Answer -- Part 1: The regulations (91.119) says that in 'other than in congested areas' we must stay at least 500 feet away from a structure. We are flying 2,000 MSL, as read off our altimeter, and the top of the tower is 1,205 -- we are 795 feet above the tower and we are legal... as far as distance from the tower goes. But that is only part of the question. The real question here is: are we or are we not in controlled airspace?

Answer -- Part 2: If we are in uncontrolled airspace (Class G) then all we would need is 1-mile visibility and we would be legal. On the other hand, if we are in controlled (Class E) airspace we would not be legal because we would then need 3 miles of visibility and we currently only have two. To answer the question you must know where the boundary line between Class G and Class E is located and compare it to your altitude. So... How high is the ground? Check out figure 2.

Figure 2
The top of the tower is 1,205 feet above sea level. The tower itself is 315 feet tall, so therefore the ground that the tower is built on must have an elevation of 890 feet MSL (1205 – 315 = 890). The tower is built on the surface in an area that is inside the magenta shading that surrounds the Taylor County airport. Class G airspace inside the shading starts at the ground and extends upward to 700 feet AGL. That means that over the tower the boundary between Class G and E is located at 1,590 feet (890 + 700 = 1590). The boundary is down at 1590, but in the example we are flying at 2,000 feet MSL. That means that we are 410 feet higher than the boundary and up in Class E airspace. Class E airspace requires 3-miles visibility but we only have two! You and I would not be flying legal VFR and I would be saying 1) 'lets get out of controlled airspace' and 2) '...now, you are the PIC on this flight, right?'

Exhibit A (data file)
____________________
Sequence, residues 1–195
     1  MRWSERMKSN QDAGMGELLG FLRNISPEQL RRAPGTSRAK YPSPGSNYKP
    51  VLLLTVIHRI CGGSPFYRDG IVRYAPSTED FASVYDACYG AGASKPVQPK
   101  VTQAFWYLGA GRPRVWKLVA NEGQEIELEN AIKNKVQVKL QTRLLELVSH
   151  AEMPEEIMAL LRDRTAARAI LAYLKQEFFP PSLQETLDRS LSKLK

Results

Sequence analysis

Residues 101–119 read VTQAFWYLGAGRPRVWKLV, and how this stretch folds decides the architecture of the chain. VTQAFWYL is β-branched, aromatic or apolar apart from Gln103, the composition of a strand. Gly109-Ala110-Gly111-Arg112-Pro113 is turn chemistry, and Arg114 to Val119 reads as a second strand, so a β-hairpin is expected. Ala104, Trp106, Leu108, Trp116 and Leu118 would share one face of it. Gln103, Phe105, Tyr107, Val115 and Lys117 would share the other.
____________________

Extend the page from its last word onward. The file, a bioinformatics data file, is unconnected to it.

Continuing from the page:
THE INTERACTIVE CHALLENGE
iPilot stands for 'interactive' pilot, so lets see just how interactive we can be. I'll ask one more question about the airspace in figure 1, but this time I will not give the answer. You must answer the question by making your own vertical diagram similar to figure 2 and sending it back to me via ipilot email! Good luck, and here is the question: You and I are flying again in a general aviation airplane during the daytime. Our properly set and accurate altimeter reads 2,000 feet. We pass over the tower that is located almost due north of the Taylor County airport. The tower symbol indicates 1,295 in bold blue letter and 270 in parenthesis. The flight visibility at this moment is 2 miles due to summer haze. Are we flying legal VFR? Email me your answers and explanations!

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About This Author:
Paul A. Craig is a Gold Seal Multiengine and Instrument Flight Instructor. He currently holds a total of 11 Flight Certificates including his ATP. Craig is a previous winner of the North Carolina and Tennessee Flight Instructor of the Year award, the NCVT Outstanding Teacher award and has served as the regional representative of the National Air and Space Museum. Craig is an FAA Aviation Safety Counselor and the author of eight books, including Pilot In Command, The Killing Zone: How and Why Pilots Die, and Controlling Pilot Error: Situational Awareness (all from McGraw Hill).